Peter Hall
Joined:Tue Nov 18, 2014 11:51 am

Re: Why are you a member (or not) of the RCTS?

Post by Peter Hall » Sat Nov 29, 2014 12:42 pm

Interesting to note that a couple of respondents are suggesting Sunday afternoons as a suitable time for Branch meetings. Prior to my 'overthrow' in Sheffield I had been of the opinion it was worth giving that a try but only in winter - too much going on in summer.

The thing, in my view, that prevents such developments is the reluctance to change. In the majority of Branches, most, if not all those attending, are eligible for a bus pass. They have been coming to evening meetings since the 1950s/1960s and it is now a part of their routine. Trouble is things were different then and they were young. Its one thing going to the chippy after work and then to a meeting and getting to bed late after you have avoided various undesirables on the way home, once a week when you are young, but is that OK when your older?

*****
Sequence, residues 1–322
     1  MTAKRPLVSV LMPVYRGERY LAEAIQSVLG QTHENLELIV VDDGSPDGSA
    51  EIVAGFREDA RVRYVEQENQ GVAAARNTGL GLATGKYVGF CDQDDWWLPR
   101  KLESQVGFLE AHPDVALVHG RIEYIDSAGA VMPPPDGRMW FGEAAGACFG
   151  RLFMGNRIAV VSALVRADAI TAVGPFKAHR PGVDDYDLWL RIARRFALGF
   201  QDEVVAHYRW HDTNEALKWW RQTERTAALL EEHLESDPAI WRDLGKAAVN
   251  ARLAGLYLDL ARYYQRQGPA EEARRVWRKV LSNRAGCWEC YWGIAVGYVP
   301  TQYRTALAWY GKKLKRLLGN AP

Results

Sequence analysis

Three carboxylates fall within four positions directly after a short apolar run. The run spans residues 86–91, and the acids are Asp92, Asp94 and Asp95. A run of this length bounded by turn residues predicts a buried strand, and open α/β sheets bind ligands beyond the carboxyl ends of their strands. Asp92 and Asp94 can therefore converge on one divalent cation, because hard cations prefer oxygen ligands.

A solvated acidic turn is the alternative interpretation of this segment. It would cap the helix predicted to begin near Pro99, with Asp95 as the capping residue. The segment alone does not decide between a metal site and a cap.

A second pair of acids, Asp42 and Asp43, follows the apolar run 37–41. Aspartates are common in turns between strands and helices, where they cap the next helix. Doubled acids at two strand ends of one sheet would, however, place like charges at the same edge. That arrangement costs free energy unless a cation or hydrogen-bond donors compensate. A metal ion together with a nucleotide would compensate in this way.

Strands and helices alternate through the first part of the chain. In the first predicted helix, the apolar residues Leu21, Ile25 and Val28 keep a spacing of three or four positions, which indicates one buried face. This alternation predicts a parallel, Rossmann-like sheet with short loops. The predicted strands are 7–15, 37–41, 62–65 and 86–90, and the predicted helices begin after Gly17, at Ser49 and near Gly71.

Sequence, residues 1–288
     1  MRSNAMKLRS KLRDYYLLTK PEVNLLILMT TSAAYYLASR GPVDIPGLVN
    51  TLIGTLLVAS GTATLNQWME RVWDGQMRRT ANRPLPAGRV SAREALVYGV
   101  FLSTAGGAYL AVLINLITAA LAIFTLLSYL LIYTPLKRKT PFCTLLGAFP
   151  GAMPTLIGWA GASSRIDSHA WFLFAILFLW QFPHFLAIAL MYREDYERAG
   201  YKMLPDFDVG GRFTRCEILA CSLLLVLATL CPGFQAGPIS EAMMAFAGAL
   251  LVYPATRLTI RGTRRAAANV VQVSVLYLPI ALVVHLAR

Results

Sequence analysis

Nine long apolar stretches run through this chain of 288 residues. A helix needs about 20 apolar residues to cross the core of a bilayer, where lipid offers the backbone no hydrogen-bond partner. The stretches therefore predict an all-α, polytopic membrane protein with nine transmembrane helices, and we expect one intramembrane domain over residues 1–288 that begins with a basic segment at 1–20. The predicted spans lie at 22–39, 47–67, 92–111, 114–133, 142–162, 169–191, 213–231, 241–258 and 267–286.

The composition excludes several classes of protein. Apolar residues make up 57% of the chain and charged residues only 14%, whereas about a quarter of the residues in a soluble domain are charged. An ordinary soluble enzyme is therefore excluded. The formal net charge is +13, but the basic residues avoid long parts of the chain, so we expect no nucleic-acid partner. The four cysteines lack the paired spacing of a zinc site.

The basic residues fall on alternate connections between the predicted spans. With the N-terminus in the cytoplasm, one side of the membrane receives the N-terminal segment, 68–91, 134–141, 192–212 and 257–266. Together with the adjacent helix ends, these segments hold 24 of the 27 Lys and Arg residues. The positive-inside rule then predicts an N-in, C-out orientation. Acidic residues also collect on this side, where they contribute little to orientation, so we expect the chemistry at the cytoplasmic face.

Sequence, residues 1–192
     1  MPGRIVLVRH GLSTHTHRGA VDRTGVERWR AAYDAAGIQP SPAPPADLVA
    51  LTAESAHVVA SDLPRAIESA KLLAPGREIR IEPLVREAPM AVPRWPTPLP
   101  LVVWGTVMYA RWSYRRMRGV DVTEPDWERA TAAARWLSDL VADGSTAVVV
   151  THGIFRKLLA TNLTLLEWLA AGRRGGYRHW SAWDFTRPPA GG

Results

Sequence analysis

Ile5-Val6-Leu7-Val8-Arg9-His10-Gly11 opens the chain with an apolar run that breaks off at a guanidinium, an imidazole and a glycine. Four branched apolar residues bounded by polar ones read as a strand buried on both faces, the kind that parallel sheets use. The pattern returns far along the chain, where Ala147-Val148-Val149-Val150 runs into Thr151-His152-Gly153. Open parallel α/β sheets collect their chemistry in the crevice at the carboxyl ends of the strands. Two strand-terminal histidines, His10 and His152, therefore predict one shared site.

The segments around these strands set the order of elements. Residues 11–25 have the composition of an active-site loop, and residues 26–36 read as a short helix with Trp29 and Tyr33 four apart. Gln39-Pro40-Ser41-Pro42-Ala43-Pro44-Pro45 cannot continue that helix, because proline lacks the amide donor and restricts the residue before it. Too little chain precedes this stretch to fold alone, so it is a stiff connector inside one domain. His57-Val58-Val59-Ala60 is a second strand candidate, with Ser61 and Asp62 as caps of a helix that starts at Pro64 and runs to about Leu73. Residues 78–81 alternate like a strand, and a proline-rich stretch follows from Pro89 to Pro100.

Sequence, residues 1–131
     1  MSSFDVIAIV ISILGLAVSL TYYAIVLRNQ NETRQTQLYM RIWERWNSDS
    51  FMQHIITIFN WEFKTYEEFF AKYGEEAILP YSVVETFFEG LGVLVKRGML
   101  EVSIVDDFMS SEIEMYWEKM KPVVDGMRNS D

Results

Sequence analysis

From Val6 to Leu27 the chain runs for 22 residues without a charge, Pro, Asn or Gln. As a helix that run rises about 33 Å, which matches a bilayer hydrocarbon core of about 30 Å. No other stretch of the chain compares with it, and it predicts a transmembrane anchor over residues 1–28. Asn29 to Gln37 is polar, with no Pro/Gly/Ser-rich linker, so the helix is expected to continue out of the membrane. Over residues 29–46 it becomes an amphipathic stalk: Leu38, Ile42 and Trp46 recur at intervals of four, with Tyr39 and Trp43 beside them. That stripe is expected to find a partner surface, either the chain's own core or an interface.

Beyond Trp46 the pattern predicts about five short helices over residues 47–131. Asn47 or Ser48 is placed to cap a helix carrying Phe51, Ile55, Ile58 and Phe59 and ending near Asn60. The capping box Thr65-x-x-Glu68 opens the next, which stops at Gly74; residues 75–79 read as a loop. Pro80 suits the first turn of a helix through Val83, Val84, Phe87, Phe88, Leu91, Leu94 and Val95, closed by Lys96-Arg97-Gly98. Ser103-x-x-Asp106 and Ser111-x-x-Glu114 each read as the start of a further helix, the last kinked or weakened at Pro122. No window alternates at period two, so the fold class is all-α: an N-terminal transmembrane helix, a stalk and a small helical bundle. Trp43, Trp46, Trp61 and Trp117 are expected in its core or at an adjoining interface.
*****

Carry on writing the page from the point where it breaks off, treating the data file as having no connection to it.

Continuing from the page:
In Sheffield I was able, despite resistance, to have a small number of midweek afternoon meetings. These were well supported and several new and lapsed faces were seen. Trouble was though the evening venue was not really suited and although an alternative was found it was less accessible and harder to find for those without detailed local knowledge and we had initial heating problems. Mere mention of weekend meetings though would bring the knives out!

Changing venues is something where reluctance to change rears its head. It might cost a little more but moving to serviced venues such as hotels and similar in my view was another thing that needs testing. Poorly heated church halls and back rooms of pubs were the landlord changes every month are just not were many of our members are attracted to go for a meeting.

I had ideas for occasional Saturday afternoon meetings at Barrow Hill (additional to their evening meetings) - shed is open to visitors and they have superb on site snacks. Also occasional, double bill Saturday meetings with buffet lunch at a venue close to the station. No chance!

Joined:Tue Nov 18, 2014 8:58 pm

Re: Why are you a member (or not) of the RCTS?

Post by 6-6-66 » Sat Nov 29, 2014 3:32 pm

I had known various members of the West Midlands Brach for years, from the early 1960s, but never got to a meeting, until a work colleague, the late and much missed Jack Mason invited me along. It was all downhill from there, leading to involvement with both the Branch and national sub-committees. No intention of letting this drop at the moment.